This is a second five minute map of a medieval town. It is incomplete, but ready for roads and trails. The old mill to the north west was a last minute thought.



I am not sure what happened to the 5 Minute Map community, but it has been strangely silent for weeks. Time to kick mapping into high gear.


Five Minute Map - Coastal Town

I ran out of steam on this map. In the top corner is a lighthouse, dock and quays. The middle portion is the shipping community itself with large warehouses.

I wonder what is to the south?

click to enlarge
Posted to Five Minute Maps on G+.

Five Minute Map - Medieval Town 1

I have been doing a lot of research on buildings and structures, predominantly focusing on churches and castles. As a result I have a number of sketches and maps.

This map is a basic plan for a small town. Being a 5 minute map, it is rough and incomplete.

Click to enlarge




Sunday, January 10, 2016

Some things children should not hear.

This could be a post over on TheseOldGames.com, but I really thought it could be better addressed here on unpwnd.

Last year, Santa brought use a PlayStation 4. And kicked off my children's adventures in social media and online living. We started slow, a PSN screen name and email address. This year they have moved up to Kindle Fires and Amazon accounts.

I have done my best to teach them what is and is not acceptable online and all three of my kids have done pretty well.

I have not faired so well because I broke the rules. My PSN account name is my real name, which seems innocuous. Until you plug in headphones. Then I hear also sorts of things about my mom, about my game skills, and a slams against everything and anything you could think of. It seems rather personal because it's my name being called out.

I am pretty resilient, but sometimes my head lifts from the pillow and think: "My god, do I suck that bad?" And being resilient, I can laugh it off.

Children can't laugh abuse off and they really shouldn't have to do so. Good parents set their children up in ways that are safe, exciting and bold. Make sure you know what could happen and make sure you are involved enough to help them through difficult times. Don't let them get owned.

In closing, I'll leave it to one of the better gamers there is: Wil Wheaton.



*There are ways to change a PSN account name, but you need to call Sony. Chat does not cut it. To get a new name is non-trivial and annoying which is why I haven't done so. That and it serves as a reminder not to be stupid.

The Research Game - Stave Churches

In my prior post, I began work on a building I could not identify. It turns out that this structure is a stave church from 11-1200 A.D.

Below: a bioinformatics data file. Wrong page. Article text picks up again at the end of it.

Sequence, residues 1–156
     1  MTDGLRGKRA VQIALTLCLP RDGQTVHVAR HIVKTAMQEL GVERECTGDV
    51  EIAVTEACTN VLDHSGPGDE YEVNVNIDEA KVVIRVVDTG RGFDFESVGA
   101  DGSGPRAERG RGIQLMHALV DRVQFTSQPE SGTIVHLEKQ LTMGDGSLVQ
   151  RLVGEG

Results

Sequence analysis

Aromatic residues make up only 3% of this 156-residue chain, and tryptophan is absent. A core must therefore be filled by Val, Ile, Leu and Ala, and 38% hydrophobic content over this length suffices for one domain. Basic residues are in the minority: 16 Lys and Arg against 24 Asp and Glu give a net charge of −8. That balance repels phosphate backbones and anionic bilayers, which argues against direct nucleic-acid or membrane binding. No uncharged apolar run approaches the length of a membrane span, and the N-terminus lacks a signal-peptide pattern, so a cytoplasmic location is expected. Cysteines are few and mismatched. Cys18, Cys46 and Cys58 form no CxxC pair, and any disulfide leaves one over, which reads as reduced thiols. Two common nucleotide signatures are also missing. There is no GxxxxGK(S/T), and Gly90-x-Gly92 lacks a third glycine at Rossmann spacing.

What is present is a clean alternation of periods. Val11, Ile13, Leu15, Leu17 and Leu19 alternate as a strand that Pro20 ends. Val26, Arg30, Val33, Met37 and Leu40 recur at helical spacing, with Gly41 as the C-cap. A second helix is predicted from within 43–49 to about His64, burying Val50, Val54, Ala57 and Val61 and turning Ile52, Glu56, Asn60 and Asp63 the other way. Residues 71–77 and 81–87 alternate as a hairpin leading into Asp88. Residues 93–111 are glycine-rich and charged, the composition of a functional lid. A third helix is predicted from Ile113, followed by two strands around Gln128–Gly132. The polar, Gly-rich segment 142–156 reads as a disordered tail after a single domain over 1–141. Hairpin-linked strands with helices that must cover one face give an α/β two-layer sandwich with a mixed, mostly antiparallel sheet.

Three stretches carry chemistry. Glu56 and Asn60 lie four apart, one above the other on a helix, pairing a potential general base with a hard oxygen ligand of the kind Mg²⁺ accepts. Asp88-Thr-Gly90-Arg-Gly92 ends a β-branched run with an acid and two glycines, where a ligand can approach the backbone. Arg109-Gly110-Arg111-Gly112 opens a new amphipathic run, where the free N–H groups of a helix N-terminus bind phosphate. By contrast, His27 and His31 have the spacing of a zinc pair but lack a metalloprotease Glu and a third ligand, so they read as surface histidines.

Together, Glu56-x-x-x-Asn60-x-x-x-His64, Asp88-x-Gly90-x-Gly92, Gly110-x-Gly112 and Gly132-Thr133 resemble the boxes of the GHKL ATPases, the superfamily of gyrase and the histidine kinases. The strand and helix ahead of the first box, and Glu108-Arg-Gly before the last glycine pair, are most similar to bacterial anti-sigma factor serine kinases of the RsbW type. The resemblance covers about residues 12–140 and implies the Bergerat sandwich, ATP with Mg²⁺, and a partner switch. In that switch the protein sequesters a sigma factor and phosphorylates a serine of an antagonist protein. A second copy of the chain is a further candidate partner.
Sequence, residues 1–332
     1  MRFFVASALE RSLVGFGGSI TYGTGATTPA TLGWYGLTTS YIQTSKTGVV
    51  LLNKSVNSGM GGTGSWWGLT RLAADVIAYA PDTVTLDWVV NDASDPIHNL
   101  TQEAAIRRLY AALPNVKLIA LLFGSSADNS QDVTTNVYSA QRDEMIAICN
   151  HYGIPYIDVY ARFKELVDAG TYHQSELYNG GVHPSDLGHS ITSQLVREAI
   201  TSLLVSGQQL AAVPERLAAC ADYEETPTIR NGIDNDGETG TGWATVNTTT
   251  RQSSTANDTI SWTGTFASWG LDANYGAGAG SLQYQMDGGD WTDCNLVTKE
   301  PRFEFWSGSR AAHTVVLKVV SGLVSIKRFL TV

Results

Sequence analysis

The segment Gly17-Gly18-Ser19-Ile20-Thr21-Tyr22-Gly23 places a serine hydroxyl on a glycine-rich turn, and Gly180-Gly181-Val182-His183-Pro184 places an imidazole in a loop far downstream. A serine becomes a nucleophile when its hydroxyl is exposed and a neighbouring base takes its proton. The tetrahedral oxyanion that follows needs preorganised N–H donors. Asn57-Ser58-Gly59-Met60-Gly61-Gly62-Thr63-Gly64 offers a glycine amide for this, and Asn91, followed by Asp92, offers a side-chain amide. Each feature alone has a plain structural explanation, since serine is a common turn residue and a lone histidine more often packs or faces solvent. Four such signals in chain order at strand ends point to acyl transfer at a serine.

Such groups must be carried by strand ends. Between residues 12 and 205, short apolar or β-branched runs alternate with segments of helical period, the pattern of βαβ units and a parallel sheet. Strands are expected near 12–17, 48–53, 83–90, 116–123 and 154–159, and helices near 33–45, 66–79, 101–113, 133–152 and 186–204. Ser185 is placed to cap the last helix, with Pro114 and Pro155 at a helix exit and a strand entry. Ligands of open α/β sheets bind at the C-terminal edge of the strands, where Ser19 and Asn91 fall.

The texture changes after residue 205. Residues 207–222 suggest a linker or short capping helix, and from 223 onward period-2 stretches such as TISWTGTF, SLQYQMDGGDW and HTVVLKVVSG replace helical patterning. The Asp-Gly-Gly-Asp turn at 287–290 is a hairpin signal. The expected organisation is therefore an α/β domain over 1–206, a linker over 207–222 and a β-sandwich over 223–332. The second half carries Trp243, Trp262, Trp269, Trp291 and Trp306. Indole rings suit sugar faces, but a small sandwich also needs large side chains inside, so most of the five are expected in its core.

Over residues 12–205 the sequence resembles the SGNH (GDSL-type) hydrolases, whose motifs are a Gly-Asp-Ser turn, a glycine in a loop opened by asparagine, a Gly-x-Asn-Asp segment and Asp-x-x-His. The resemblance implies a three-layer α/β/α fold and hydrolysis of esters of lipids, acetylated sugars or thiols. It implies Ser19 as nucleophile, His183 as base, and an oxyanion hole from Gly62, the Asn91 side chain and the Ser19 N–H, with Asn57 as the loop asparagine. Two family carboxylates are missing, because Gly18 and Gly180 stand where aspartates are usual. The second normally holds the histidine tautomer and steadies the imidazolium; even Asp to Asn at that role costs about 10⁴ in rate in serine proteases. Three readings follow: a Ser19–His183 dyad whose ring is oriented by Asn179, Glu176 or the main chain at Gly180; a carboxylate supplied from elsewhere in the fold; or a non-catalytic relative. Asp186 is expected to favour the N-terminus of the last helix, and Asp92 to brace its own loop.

I wasn't able to identify it specifically, nor was I able to place it the category of stave church. For some reason, I picture stave churches as having gracefully sloping walls and roofs, like so:

So, I am off to do some research. I have to say my dad, Philip J. Viverito, instilled a quest for knowledge in me. Using the internet, I was able to found some remarkable resources for this project in rather short order. I cannot image how my dad did it back in the 1970's and 80's with only books to work from.

One of the more impressive items I found was a short video filmed in 2000 at Uvdal Stave Church, Nore and Uvdal, Norway.

Not only is the church beautiful, the video itself is excellent. The film was put together by Erik Meyn, and the music was composed and performed by Ulf Meyn. The original publisher was Numedalsnett AS.

Although there is no speaking, this is a wonderful educational resource.

Back into Scale Models

It has been a very long time since I have worked on a model. My dad gave me a couple of his older buildings and I intend to fix them as they haven't held up with children and age. I started with some photos to get an idea of how to start.

Edit - This building is a stave church, which is different from my expectations. I picture stave churches as having graceful sloped components. Now I am off to research more on the topic. Please see my next post.

Front view
(click image to enlarge)
Rear view(click image to enlarge)
Side view(click image to enlarge)

Looking at the damage, I wanted to make a copy first. I took some measurements and sketched out a plan.

Front view
(click image to enlarge)
Side view(click image to enlarge)




I am using I intended to work with balsa wood, but bass wood was the only type available. It is much harder. So using the drawings above, I cut my lengths of wood for the frame and matched them up to the sketch.

Front view
(click image to enlarge)
Side view(click image to enlarge)

And the first problem presented itself. I had measure, sketched, and measured again. The beams are 1/4 inch. I purchased 5/16 inch dowels. That is close, but no cigar.

Since I have a scanner, I quickly ran copies and corrected the sketches.

Front view
(click image to enlarge)
Side view(click image to enlarge)

What I decided was to extend the beams inwards and upwards. Now I have an idea of where to go. 

Tomorrow, I will make a base and start gluing. Look for more updates shortly. 

Friday, January 8, 2016

Saturday, January 2, 2016

2015 Highlight Reel - It's Baymax Cake

My wife's birthday was a mess. She worked the day before, I had to rush ship her gift and I forgot to order the cake in time for her party. For the gift, I ordered a Baymax hoodie, "How to Fist Bump" from Redbubble.



I found one baker who was game for a simply decorated cake on the day of the party. Just Say Cheesecake on Sheridan Drive, Amherst, NY saved my butt and produced the best cake ever.


The kids all shrieked: "It's BAYMAX CAKE!"

Friday, January 1, 2016

Dramascape at Drivethru RPG

Dramascape is a group of arts and writers producing high quality maps and adventures for use with a variety of gaming systems. Dramascape's most recent offering is Fantasy 6 x 6 Tiles available at Drivethru RPG for the unheard of price of whatever you want. The suggested price is $1.99, which is a great deal on a quality set of tiles.

You can use the pay what you want model to give it a product a try and purchase it later. One of the advantages of using DriveThru RPG is their automatic system to deliver a product as a gift.


After going to checkout, all you need to do is enter your payment information and add the recipient's email address and DriveThru takes care of the rest. What a great way to share the gift of game.

Star Wars: The Force Awakens

The boys and I went to see Star Wars: The Force Awakens again.

This time we saw it at AMC.

Nice place, comfy seats. I haven't been to an AMC theater since high school. They are really great. You sit in assigned seats, but you get a choice of location and every seat is a recliner. It made all 2 hours and 19 minutes perfect.